quinta-feira, outubro 20

Grécia, health effects of financial crisis

olá xavier
tenho pouco tempo para escrever mas não quero deixar de te assinalar 0 texto seguinte:
gosto muito do vosso blog
mónica pina, internista

«Greece has been affected more by the financial turmoil beginning in 2007 than any other European country. 15 years of consecutive growth in the Greek economy have reversed. In adults, unemployment has risen from 6•6% in May, 2008, to 16•6% in May, 2011 (youth unemployment rose from 18•6% to 40•1%),1 as debt grew between 2007 and 2010 from 105•4% to 142•8% of gross domestic product (GDP; €239•4 billion to €328•6 billion) compared with the average change in the EU-15 (the 15 countries that were EU members before May 1, 2004) from 66•2% to 85•1% of GDP in this same period (€6•0 trillion to €7•8 trillion).2 Greece's options were limited, since its Government ruled out leaving the Euro, precluding them from one of the most common solutions in such circumstances: devaluation. To finance its debts, Greece had to borrow €110 billion from the International Monetary Fund and Eurozone partners, under strict conditions that included drastic curtailing of government spending. Whereas other countries in Europe (eg, France, Germany) now show signs of economic recovery, the crisis continues to evolve in Greece; industrial production fell by 8% in 2010.3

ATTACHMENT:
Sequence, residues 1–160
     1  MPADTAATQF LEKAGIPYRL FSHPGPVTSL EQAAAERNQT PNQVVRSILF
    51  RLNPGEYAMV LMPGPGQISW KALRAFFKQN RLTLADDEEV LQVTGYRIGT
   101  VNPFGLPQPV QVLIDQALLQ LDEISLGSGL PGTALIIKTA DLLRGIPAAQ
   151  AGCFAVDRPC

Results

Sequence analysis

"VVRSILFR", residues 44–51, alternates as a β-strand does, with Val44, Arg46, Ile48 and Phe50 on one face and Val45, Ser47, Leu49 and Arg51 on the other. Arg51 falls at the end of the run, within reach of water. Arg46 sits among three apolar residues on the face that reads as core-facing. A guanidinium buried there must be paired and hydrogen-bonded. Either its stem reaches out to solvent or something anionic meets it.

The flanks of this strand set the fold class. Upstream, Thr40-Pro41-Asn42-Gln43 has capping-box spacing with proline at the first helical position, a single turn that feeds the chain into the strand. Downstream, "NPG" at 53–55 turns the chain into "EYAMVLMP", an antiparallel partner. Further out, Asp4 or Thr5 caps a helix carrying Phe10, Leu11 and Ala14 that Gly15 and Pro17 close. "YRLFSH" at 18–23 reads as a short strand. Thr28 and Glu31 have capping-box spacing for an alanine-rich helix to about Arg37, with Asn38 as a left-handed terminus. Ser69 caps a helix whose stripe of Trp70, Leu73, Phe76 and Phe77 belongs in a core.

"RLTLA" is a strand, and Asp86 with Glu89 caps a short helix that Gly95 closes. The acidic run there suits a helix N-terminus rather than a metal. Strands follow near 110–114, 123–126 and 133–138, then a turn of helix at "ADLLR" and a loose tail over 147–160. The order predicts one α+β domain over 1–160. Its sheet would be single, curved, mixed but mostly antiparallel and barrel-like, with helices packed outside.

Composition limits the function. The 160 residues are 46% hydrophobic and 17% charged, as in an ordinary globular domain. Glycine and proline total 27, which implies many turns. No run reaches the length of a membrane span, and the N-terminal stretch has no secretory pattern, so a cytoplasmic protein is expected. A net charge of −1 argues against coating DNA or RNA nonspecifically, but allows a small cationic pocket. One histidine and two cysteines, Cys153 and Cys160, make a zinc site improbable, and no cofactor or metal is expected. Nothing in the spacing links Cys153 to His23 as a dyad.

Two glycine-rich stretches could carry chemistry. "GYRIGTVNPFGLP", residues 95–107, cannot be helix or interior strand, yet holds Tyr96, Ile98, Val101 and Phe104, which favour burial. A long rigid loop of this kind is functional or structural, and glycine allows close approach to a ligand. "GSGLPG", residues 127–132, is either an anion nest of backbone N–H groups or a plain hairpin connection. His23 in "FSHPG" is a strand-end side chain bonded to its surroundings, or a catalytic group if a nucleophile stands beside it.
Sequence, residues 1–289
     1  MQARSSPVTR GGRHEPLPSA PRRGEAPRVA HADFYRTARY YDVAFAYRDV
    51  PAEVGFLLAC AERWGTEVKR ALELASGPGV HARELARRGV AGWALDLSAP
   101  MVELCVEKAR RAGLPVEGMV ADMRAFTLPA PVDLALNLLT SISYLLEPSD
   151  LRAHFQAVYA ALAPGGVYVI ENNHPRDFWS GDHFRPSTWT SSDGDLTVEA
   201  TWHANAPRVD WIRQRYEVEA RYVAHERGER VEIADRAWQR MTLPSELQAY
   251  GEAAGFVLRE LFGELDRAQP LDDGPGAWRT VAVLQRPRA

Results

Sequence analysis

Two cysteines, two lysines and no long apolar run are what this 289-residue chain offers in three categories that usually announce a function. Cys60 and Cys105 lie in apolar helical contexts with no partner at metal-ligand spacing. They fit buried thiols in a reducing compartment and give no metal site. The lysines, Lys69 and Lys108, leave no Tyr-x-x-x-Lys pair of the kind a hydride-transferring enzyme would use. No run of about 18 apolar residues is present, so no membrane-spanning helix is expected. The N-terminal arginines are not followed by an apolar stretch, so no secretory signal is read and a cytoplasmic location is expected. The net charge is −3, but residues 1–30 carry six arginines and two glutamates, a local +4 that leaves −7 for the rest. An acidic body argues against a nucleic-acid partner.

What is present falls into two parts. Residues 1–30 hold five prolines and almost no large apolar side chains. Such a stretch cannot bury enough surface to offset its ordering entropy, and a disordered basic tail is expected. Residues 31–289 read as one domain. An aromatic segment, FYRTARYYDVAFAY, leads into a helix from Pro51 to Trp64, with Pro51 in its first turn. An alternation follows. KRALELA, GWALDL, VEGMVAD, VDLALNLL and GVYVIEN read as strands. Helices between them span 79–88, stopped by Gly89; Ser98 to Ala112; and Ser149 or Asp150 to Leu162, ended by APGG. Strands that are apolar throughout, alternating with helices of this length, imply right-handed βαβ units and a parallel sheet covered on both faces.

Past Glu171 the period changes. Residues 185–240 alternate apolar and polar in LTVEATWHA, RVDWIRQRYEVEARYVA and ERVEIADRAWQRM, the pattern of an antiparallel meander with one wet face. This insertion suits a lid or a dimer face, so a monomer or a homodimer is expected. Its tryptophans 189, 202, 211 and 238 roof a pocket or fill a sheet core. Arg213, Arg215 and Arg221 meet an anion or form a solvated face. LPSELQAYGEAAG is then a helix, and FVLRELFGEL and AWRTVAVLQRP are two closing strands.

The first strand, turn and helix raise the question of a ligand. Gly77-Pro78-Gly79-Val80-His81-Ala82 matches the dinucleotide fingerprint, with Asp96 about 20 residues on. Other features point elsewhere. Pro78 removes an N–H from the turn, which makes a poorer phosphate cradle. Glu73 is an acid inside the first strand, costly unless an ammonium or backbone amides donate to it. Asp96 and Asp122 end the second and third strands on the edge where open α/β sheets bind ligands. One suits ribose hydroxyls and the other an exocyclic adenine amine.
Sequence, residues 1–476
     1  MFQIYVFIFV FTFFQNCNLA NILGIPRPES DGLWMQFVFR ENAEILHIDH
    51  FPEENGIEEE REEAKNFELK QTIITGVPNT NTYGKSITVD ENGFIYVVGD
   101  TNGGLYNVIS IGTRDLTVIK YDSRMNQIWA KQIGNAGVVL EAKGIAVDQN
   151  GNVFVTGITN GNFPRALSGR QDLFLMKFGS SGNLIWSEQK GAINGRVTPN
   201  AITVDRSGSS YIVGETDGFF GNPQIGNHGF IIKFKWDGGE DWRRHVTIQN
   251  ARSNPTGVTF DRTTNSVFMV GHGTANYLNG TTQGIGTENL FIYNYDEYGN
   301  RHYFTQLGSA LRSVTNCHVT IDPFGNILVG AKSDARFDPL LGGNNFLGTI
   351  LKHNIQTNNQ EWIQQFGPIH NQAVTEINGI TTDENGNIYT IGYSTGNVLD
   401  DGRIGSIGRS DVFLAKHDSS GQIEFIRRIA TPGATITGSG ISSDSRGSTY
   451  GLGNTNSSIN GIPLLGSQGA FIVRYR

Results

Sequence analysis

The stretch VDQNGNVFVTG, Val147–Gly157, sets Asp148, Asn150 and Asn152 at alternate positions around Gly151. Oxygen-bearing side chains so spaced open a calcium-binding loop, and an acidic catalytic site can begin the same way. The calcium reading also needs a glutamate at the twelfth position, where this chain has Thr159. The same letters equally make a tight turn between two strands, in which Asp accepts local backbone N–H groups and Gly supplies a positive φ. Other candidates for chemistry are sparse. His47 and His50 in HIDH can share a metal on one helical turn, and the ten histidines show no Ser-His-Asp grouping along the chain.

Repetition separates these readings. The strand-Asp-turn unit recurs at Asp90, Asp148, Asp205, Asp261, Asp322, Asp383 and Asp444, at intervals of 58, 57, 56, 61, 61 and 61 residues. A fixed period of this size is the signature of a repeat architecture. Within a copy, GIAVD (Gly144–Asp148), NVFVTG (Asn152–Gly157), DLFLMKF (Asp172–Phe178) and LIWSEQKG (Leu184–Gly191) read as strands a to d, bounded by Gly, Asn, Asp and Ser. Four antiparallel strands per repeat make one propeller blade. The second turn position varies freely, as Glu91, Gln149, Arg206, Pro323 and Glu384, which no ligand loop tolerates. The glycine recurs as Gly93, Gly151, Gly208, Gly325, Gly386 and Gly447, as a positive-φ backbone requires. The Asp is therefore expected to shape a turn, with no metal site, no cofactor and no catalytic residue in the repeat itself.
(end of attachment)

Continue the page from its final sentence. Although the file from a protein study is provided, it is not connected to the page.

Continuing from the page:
Richard Horton4 has asked whether anyone is looking at the effect of the economic crisis on health and health care in Greece, in light of the adverse health effects of previous recessions.5 Here, we describe changes in health and health care in Greece on the basis of our analysis of data from the EU Statistics on Income and Living Conditions,6 which provide comparable cross-sectional and longitudinal information on social and economic characteristics and living conditions throughout the EU.»
Lancet, Early Online, 10 October 2011, "Health effects of financial crisis: omens of a Greek tragedy"